His luck turned in 1978, when Conner brought him the idea of developing small hard drives for the PCs then trickling to market. With $1.5 million in startup capital, Shugart, Conner, and four associates formed Seagate. The company caught the PC wave and rode it to $344 million in revenues by 1984.
The next year, amid brutal price wars, the honeymoon ended. While Shugart insisted on making drives from scratch, Conner argued that buying parts was less risky--and soon persuaded Compaq Computer Corp. to back the launch of Conner Peripherals. That company rocketed to $113 million in sales its first year. By the late 1980s, Conner considered buying Seagate.
"UP-FRONT GUY." Still, the gruff, hard-driving Shugart stuck to his guns. Buying Control Data Corp.'s surging Imprimis Technology Inc. in 1989 moved Seagate into more profitable mainframe drives. In 1991, after a brief battle for board support, Shugart ousted President David "Tom" Mitchell to focus even more closely on these lucrative markets. When PC demand exploded and key components grew scarce, companies following Conner's outsourcing strategy suffered; every drive maker except Seagate lost money in 1993. Conner was planning to sell his company off in chunks when Seagate approached last summer.
This year Seagate, including Conner, is expected to report revenues of $9.2 billion, up 104% for the year ending June 30, and profits could surge 130%, to $600 million. Wall Street has taken note. While rivals trade at 6 to 8 times earnings, Seagate trades at a multiple of 10--and could go as high as 13, says Robertson, Stephens & Co. analyst Jon van Bronkhorst. Before falling below 60 in the tech sell-off in early March, shares hit 67 1/8, up from 23 a year earlier (chart). Van Bronkhorst thinks 100 is within reach next year.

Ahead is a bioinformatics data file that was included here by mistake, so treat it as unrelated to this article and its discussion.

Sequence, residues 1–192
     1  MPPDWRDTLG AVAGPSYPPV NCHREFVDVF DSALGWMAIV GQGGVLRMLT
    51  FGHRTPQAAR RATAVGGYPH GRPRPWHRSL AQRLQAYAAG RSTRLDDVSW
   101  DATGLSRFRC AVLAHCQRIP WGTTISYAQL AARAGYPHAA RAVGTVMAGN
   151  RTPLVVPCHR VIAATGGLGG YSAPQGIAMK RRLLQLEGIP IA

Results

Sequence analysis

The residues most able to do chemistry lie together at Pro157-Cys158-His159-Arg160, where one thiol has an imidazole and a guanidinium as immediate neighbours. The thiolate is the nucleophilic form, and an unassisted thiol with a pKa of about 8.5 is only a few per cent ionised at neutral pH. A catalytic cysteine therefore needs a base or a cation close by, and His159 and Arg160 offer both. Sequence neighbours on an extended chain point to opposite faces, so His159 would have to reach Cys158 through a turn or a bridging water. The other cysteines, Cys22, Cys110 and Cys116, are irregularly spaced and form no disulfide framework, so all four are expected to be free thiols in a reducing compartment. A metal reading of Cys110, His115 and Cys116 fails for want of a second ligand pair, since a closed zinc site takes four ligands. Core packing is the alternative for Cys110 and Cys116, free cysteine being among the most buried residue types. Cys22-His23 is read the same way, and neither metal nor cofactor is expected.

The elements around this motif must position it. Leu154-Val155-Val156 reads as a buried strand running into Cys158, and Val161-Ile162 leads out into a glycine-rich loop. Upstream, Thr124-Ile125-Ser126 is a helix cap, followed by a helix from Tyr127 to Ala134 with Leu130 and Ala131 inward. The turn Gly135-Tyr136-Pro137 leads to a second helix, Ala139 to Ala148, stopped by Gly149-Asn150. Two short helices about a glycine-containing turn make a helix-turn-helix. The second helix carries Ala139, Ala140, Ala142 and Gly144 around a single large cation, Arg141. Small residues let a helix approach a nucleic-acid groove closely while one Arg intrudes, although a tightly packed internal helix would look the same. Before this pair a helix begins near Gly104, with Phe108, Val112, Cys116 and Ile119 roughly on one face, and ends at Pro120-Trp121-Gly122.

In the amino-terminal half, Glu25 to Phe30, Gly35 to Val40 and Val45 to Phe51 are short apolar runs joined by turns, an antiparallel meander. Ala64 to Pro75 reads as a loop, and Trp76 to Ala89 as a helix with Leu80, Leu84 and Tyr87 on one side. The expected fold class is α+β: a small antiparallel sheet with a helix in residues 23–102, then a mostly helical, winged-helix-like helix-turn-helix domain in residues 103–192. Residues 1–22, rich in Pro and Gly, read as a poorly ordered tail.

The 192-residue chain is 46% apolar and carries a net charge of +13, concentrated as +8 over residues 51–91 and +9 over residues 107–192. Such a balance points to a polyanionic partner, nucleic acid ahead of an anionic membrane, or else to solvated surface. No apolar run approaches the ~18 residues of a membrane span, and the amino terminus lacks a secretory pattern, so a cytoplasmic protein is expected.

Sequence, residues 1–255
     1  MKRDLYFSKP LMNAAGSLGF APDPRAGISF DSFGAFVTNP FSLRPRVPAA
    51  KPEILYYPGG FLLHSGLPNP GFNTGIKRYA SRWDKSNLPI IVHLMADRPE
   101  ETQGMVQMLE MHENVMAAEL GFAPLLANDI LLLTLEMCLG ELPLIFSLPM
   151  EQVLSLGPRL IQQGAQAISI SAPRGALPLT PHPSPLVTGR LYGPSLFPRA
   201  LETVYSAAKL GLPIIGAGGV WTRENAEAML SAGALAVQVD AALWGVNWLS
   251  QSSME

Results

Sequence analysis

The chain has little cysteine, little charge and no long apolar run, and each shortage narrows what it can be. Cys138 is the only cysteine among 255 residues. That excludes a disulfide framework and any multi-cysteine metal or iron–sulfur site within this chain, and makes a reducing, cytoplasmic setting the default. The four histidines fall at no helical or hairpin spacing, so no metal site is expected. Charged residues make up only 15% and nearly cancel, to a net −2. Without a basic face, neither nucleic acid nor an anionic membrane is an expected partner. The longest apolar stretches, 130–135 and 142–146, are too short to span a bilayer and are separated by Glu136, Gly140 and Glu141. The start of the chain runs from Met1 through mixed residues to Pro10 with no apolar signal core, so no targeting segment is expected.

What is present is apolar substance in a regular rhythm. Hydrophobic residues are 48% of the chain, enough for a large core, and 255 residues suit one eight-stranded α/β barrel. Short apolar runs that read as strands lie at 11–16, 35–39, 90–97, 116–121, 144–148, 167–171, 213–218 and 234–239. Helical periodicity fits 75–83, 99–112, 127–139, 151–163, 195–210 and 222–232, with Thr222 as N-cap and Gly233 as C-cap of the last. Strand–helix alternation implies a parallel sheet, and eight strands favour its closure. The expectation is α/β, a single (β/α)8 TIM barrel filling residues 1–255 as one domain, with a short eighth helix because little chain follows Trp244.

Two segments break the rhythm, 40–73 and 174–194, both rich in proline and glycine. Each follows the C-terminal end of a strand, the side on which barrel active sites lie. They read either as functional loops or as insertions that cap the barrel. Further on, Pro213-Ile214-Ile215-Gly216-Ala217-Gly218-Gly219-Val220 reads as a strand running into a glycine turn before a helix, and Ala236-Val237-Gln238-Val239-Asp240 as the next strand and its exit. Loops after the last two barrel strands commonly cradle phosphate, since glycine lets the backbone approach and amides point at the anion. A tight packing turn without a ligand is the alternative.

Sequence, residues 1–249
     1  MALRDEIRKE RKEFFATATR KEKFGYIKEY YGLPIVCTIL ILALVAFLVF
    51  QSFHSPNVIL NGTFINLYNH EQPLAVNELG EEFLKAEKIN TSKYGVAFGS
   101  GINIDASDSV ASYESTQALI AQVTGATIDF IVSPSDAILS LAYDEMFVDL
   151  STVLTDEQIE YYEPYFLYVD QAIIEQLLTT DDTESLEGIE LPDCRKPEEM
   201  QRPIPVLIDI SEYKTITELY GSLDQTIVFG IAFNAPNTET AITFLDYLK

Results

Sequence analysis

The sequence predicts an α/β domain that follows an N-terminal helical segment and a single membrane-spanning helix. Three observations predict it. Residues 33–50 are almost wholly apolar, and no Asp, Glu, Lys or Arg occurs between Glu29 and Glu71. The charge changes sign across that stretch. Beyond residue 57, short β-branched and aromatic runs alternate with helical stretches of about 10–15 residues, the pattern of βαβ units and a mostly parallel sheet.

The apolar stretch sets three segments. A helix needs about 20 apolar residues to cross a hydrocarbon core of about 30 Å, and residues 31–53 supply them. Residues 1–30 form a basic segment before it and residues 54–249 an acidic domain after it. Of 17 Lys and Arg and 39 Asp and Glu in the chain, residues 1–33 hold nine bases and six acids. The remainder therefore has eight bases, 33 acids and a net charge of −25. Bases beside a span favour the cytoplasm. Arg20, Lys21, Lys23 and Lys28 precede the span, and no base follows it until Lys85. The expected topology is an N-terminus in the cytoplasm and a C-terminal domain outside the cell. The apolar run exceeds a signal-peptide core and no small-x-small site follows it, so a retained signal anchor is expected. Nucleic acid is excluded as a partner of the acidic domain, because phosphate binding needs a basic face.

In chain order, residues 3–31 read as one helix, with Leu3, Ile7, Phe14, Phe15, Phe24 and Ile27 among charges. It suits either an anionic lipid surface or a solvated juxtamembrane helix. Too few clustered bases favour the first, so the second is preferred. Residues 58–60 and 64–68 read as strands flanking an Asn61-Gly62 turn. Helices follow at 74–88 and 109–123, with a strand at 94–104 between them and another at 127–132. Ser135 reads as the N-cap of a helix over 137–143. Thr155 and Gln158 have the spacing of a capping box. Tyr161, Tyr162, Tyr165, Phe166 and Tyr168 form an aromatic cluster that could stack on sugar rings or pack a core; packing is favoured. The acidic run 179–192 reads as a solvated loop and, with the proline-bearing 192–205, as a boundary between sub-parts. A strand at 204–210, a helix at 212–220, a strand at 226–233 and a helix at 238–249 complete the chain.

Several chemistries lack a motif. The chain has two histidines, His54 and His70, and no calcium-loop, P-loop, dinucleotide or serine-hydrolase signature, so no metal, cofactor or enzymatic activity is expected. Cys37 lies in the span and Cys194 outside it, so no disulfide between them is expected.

While Shugart is technically astute, colleagues credit his success to his managerial style, a deft blend of taskmaster and best buddy. He demands hard work but also understands the restorative value of hard play. He has always been famous for impromptu "staff meetings" at local bars. These days it's Malone's, known as "Building 13" at Seagate's 12-building campus in Scotts Valley.
Even more important is his ability to hire the right people at the right time, then win their loyalty with his candor. "He's the most up-front guy I've ever worked with," says Vice-President Stephen J. Luczo, whom Shugart lured from Bear, Stearns & Co. to build the software business. Just ask former Vice-President Robert E. Martell, now president of drive maker Avatar Systems Corp. Days after demoting him in the mid-1980s, Shugart offered him a job running Seagate's young European unit. "Don't answer me tonight, but keep it to 25 words or less tomorrow," Martell recalls him saying. Although angry at first, Martell decided overnight that Shugart was right. He went on to triple sales in Europe within a year and returned to the U.S. in a better position. "I'd do almost anything Al asked me to do," he says today.